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By Kimberly Buteau
Review by: Zénó Vernyik


ISBN: 1591296242

Kimberly Buteau’s Soulmate is a well-structured work showing discipline and flawless design. It seems to be the result of hard work and hundreds if not thousands of working hours in its perfect patterning, and how it handles even the smallest details. No superfluous or incoherent parts, no lousy story line. Everything is perfectly in order, from macro level down to the smallest and least important-looking parts. This text really deserves an A for the crafts(wo)manship.

The most important part of the structural organization of this text is its title: Soulmate. With this word, the narrative begins in the Peter Brooksian sense, with a beginning that presupposes the end. It points to the ending. In a way, it tells us what is to happen. It tells us that someone in this novel is a Soulmate. Beware! I did not write that someone in this novel has a soul mate. The difference between Soulmate and soul mate explicitly refer to this point. This wording is similar to what one can see in [anyone lived in a pretty how town] by E. E. Cummings when the text has “noone” instead of “no one,” in order to make the reader aware of the special status of this word and to show its difference underneath its seeming identicalness. Writing the expression in one word signals in the poem that “noone” is a proper name, as well as a pronoun. The same strategy is followed by Jacques Derrida, in his essay entitled “Différance,” right in the act of creating “différance” out of “différence.” He came up with a “word” that is the same and at the same time thoroughly different, with a name for différance which is différance in itself. And that is exactly what this title does. Through being différant, being a homograph or a punctum caecum, this title grasps the reader’s attention and shows its other meaning, namely that this novel is about someone who is a Soulmate, someone who has two souls in her body.

What we get is a reworking of the Dr. Jeckyll and Mr. Hyde story, a case of having two distinct personalities in one body. The first several pages present us with a mass murderer, who kills in the style of Jack the Ripper. Therefore, the scrutinizing and aware reader is able to construct basically the whole story out this small amount of information, just as Peter Brooks theorized it. This novel is but a blend of the story of Jack the Ripper with the theme known from Stevenson’s The Strange Case of Dr. Jeckyll and Mr. Hyde. All the more likely as the name Jeckyll already contains the words Jack and Kill, even if only in its pronounced form.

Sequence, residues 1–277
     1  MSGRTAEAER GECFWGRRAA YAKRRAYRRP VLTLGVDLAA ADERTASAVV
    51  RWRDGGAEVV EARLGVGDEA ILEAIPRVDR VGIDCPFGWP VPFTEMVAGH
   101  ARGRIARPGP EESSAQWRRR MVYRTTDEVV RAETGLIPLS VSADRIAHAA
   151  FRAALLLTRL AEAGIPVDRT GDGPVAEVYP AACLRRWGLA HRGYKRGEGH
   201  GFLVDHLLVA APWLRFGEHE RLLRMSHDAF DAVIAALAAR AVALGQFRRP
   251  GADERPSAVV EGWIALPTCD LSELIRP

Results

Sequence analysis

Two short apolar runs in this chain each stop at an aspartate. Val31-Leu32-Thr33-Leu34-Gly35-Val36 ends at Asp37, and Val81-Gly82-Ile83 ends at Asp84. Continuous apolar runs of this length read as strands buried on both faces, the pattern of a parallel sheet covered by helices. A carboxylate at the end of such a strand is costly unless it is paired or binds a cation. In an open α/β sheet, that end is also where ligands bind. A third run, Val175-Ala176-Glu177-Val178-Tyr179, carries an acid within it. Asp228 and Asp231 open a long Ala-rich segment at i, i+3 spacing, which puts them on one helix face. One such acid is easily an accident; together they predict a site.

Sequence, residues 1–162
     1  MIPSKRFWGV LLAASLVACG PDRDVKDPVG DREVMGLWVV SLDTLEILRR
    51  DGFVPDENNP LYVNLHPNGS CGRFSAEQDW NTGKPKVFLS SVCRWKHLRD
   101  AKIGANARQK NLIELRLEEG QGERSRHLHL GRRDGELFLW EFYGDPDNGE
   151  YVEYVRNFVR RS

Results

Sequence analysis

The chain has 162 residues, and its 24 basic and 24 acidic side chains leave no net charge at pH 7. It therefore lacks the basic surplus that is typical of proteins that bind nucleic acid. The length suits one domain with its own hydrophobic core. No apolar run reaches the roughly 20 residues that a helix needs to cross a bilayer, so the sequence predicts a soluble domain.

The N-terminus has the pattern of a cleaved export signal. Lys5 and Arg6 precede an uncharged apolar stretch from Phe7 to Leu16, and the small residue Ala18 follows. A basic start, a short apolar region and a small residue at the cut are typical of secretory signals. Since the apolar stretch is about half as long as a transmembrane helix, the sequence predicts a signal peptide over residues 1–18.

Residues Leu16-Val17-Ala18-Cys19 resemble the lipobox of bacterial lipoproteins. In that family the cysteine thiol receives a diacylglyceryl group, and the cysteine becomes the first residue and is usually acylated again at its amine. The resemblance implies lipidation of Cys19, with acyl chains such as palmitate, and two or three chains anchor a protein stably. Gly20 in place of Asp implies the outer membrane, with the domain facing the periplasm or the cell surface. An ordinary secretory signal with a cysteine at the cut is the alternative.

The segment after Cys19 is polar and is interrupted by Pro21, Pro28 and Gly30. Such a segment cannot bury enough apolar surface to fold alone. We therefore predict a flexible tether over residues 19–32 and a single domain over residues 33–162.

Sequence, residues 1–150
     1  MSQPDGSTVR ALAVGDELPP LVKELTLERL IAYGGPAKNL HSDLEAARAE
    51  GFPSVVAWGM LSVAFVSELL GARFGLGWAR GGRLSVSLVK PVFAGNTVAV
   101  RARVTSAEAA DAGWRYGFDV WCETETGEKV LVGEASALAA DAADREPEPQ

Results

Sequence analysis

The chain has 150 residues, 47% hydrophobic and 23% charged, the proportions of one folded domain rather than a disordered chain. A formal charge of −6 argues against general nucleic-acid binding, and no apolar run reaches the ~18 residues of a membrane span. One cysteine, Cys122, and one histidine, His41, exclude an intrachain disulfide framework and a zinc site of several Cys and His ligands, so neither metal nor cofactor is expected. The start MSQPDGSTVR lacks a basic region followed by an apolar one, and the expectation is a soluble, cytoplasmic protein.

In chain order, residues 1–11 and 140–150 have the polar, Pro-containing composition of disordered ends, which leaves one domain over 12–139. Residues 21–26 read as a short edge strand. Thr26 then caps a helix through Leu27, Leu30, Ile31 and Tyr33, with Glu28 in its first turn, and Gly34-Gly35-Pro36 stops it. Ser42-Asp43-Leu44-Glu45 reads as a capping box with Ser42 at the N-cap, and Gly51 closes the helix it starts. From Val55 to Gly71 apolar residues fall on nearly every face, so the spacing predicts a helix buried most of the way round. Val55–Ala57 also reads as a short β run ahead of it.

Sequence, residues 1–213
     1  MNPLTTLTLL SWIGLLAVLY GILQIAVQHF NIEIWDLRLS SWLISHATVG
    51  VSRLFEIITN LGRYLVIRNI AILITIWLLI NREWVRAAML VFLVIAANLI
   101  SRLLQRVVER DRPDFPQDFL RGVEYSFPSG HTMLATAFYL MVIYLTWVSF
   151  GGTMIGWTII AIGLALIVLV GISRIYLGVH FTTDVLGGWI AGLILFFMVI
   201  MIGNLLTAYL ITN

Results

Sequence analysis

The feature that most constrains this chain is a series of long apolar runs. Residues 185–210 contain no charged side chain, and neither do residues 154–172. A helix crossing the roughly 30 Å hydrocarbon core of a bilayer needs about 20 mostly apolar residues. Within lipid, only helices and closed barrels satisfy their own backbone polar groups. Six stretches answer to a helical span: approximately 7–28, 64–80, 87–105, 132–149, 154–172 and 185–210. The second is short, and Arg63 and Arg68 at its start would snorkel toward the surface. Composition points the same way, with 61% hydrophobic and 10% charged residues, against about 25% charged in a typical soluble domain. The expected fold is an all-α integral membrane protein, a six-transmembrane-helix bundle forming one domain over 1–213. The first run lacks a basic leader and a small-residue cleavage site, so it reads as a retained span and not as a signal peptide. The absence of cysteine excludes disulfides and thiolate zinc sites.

And that shows the weakest point of the story. However perfectly structured and well carried out as a mixture of the good old genre of the whodunit with the psycho-thriller, it lacks real originality and creative talent. Blending the two stories is a fabulous, even congenial idea, but not the slightest bit more. Together with the mentioned flawless cratfs(wo)manship, it is good for fitting into the category of a slightly-beyond-average crime fiction, but sadly, only for that. It is quite an achievement for a first novel, though.


Buteau, Kimberly. Soulmate. Baltimore: PublishAmerica, 2002.
Brooks, Peter. Reading for the Plot. Cambridge: Harvard University Press, 1992.
Cummings, E. E. “[anyone lived in a pretty how town].” In George James Firmage ed. Complete Poems, 1904-1962. New York: Liveright, 1994. 516


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